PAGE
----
Battery life has always been an issue with smartwatches, and it isn’t that much different with the G Watch R. With Always-on Mode enabled, the smartwatch can last up to two days of usage. While this puts the G Watch R above most of its competitors (in terms of Android Wear devices anyway), it’s not exactly an impressive feat.
Personally, I have no issue charging the G Watch R every other day, but if Android Wear devices were to be adopted more widely by the average consumer who is more used to changing wristwatch batteries after several years, it has to be better than this.
Other than the G Watch R, there is another round smartwatch that has entered the market even earlier: the Motorola Moto 360. To me, the Moto 360 is the only real competitor to the G Watch R as it is the only other Android Wear device with a circular display.
So how does the Moto 360 differ in comparison to the G Watch R? For starters, there’s the shape of the display. Even though the Moto 360’s display is round in nature, there is actually a black bar on the bottom of the screen that gives it the infamous “flat tyre” look, breaking the illusion of a circular display. While this isn’t a dealbreaker to me, there is another issue with this particular smartwatch from Motorola: its processor.
Powered by a processor by Texas Instruments, a company that is not even manufacturing SoCs for mobile devices anymore, the single-core OMAP 3 processor that is used in 2010 smartphones such as the Motorola Droid X is more than ancient in the tech industry. It’s almost unfair to compare it against the G Watch R’s more modern quad-core Snapdragon 400 processor. Other than being the newer and faster processor, the Snapdragon 400 isn’t as power-hungry as the OMAP 3 processor. This in turn affects the battery life of the Moto 360, which is inferior compared to the G Watch R.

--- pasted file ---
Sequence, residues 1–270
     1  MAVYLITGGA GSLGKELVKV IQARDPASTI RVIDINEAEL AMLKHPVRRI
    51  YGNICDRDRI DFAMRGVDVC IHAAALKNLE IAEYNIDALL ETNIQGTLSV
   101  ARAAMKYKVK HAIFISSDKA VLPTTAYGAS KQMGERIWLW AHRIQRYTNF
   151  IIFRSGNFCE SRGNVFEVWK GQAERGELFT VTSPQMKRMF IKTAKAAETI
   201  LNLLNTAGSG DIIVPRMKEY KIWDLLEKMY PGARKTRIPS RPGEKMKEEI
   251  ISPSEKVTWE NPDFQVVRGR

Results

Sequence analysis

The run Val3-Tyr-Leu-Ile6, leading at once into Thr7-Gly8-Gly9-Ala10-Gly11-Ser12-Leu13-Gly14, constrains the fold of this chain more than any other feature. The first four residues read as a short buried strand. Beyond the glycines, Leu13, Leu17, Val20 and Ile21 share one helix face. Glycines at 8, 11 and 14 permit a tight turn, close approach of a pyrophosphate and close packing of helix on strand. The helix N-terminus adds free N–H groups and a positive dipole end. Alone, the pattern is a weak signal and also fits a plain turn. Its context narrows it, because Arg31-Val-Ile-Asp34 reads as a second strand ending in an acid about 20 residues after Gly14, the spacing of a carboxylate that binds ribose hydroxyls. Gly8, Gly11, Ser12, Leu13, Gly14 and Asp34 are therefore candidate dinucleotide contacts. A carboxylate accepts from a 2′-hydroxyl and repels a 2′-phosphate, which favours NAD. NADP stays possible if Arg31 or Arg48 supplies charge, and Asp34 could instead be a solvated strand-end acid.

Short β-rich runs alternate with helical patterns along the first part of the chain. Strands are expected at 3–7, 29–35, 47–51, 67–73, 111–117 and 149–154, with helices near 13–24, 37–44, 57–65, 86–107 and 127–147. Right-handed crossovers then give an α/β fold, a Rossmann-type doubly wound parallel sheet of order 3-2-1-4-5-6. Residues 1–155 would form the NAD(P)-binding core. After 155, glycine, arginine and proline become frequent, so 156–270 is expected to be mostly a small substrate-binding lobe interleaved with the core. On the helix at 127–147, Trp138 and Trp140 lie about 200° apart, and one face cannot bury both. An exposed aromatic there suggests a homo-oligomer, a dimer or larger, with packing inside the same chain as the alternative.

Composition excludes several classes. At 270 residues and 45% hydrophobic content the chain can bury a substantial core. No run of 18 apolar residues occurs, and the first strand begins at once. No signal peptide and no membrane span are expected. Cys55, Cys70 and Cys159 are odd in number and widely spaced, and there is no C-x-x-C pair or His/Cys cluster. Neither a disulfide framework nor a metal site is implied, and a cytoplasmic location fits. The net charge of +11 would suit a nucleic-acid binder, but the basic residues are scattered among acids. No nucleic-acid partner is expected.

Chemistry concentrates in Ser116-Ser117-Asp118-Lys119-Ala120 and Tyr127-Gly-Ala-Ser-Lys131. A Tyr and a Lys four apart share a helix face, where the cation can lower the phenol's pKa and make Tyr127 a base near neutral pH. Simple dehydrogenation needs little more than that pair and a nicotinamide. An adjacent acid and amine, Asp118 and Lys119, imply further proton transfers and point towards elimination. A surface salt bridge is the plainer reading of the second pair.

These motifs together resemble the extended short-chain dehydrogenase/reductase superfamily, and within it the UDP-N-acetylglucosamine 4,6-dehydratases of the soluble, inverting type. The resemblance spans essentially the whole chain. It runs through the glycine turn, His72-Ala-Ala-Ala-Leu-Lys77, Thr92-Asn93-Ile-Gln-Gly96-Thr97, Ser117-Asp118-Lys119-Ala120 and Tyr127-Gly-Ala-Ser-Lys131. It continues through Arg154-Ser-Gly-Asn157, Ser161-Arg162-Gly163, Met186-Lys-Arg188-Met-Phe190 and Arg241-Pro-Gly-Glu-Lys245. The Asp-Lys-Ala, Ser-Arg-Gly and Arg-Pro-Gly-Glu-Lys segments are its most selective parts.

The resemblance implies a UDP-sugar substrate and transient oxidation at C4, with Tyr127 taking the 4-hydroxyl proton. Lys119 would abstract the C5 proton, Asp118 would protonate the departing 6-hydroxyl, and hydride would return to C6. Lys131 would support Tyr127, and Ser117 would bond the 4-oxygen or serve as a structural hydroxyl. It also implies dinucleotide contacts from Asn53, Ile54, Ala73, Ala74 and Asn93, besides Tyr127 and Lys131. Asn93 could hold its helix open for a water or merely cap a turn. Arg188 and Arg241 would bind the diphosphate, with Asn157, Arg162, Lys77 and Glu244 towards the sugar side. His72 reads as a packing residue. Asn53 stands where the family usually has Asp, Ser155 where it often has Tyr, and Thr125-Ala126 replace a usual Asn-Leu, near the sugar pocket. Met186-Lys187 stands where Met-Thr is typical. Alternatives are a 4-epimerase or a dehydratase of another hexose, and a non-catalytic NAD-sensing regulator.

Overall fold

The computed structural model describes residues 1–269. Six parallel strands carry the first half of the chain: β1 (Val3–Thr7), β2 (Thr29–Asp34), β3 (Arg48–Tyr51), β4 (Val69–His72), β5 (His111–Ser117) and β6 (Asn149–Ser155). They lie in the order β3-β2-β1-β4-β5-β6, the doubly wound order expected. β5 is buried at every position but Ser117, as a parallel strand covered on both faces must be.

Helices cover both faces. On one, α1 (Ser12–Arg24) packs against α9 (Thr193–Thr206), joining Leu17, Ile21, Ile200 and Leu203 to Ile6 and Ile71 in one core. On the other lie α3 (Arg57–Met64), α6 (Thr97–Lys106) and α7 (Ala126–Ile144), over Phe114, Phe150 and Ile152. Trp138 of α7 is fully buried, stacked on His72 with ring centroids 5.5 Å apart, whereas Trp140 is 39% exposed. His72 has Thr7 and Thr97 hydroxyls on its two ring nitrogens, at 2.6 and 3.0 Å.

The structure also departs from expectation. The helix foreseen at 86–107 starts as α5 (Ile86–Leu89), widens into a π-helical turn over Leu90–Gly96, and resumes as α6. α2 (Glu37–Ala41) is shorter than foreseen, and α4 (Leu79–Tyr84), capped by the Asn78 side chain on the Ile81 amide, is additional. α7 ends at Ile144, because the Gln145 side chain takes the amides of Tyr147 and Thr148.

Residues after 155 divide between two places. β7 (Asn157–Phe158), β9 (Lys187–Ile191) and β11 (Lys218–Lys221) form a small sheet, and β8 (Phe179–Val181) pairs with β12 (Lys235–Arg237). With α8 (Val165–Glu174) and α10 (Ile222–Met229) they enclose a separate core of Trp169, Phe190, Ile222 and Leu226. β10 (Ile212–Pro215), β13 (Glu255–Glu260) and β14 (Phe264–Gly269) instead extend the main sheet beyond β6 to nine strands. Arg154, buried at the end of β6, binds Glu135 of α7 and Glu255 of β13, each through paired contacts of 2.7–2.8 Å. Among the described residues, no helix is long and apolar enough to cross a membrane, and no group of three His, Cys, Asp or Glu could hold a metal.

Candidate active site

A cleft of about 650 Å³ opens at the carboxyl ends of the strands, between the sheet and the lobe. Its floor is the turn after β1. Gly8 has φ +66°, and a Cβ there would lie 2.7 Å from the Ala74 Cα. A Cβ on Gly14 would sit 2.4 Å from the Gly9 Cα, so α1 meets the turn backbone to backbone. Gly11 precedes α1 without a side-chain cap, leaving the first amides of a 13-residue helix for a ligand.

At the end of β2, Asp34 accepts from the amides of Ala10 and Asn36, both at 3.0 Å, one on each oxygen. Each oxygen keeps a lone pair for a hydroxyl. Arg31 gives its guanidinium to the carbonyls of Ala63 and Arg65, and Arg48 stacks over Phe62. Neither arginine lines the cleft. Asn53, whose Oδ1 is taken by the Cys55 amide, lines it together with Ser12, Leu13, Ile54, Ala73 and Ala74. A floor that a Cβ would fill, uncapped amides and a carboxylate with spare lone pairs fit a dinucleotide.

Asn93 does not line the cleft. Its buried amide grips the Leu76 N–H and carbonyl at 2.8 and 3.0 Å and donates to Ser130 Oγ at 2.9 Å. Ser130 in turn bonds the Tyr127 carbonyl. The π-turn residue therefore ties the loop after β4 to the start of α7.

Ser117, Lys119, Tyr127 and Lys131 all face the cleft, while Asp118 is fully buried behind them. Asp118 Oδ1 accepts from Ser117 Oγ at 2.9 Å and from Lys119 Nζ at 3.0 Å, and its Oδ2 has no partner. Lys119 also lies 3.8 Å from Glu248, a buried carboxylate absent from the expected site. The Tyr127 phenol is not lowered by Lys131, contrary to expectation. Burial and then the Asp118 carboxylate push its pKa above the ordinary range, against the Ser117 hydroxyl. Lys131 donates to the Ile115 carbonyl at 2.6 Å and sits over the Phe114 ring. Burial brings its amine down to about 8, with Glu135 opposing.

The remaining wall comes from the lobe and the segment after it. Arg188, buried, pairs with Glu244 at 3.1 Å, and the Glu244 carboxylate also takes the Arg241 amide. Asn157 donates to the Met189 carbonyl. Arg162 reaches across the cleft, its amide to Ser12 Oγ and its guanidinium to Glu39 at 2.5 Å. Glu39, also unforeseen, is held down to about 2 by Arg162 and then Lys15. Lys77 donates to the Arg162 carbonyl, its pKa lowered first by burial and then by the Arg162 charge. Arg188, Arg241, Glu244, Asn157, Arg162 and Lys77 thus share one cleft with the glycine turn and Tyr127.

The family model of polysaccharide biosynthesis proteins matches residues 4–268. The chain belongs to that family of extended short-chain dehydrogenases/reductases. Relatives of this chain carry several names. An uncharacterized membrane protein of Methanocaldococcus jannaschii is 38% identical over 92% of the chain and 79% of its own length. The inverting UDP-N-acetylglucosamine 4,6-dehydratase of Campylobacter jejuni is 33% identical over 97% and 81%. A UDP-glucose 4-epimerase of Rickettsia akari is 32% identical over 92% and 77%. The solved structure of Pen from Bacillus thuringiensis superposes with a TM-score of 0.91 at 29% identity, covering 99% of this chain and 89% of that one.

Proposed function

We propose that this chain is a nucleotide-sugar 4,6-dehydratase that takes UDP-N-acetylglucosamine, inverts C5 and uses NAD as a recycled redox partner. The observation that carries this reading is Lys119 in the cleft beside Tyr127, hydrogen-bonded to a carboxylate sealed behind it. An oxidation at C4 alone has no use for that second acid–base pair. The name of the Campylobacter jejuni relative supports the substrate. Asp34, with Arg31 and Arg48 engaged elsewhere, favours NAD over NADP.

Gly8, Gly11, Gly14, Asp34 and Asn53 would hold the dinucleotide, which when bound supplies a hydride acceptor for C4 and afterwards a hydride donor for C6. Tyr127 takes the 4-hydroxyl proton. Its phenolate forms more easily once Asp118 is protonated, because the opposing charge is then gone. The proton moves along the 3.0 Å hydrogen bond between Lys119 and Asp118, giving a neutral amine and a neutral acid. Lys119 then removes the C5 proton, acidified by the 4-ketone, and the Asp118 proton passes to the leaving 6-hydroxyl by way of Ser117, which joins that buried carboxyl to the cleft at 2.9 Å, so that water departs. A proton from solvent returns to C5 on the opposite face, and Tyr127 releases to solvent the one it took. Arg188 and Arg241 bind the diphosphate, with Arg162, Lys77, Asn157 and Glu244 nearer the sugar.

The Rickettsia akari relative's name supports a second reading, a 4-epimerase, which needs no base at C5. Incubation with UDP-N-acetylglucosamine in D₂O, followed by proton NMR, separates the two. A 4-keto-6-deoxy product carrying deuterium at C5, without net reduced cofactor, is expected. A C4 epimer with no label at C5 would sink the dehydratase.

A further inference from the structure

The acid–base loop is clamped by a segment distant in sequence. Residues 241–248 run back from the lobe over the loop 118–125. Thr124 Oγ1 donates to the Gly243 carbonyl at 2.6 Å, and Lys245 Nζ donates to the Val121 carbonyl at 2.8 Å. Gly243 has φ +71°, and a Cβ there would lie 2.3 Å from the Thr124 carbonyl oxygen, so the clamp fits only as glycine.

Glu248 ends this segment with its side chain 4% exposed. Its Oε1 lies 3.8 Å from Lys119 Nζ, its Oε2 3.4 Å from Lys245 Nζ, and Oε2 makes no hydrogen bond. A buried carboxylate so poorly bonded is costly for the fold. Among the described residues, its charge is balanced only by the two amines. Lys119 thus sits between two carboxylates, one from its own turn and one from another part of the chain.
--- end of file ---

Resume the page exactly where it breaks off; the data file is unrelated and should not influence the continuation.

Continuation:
However, what could tip the scale in the favour of the Moto 360 is its bigger 1.56-inch LCD screen, along with the Corning Gorilla Glass 3 protecting the display. It also boasts an almost bezel-less design that gives it a much more minimalistic look than the G Watch R.
If the G Watch R is for those who prefer a masculine and bold smartwatch, the Moto 360 is for the more casual and easy-going crowd. That being said, the G Watch R’s OLED display is arguably better than the LCD panel on the Moto 360, especially in always-on Mode to conserve battery life.
Unfortunately, the current state of Android Wear doesn’t necessarily warrant a purchase of the G Watch R just yet. Unless you absolutely need to be on the cutting edge of technology, it’s safer to wait until the OS matures just a bit more. As for now, you’re only paying to get notifications pushed to your wrist, which is a pretty hefty price tag to pay.
As for me, I only purchased the G Watch R for its design that looks convincingly like a traditional wristwatch. Hardly anyone noticed that I am wearing a smartwatch when I am out in public. It was only when I have a notification pushed to my G Watch R that people started noticing.
If the G Watch R’s design piques your interest, consider the rather high asking price first, not to mention the fact that it needs to be purchased from a third party retailer or grey importer as it is not available officially in Malaysia. In any case, this smartwatch is still a very solid device that is only bogged down by an unpolished operating system.
Android Wear has the potential to be something bigger and better in the future, but whether or not it will continue to grow or fizzle out like every other tech fad is a risk that I and other owners of the G Watch R are taking. Will you join us to be one of the early adopters of Android Wear?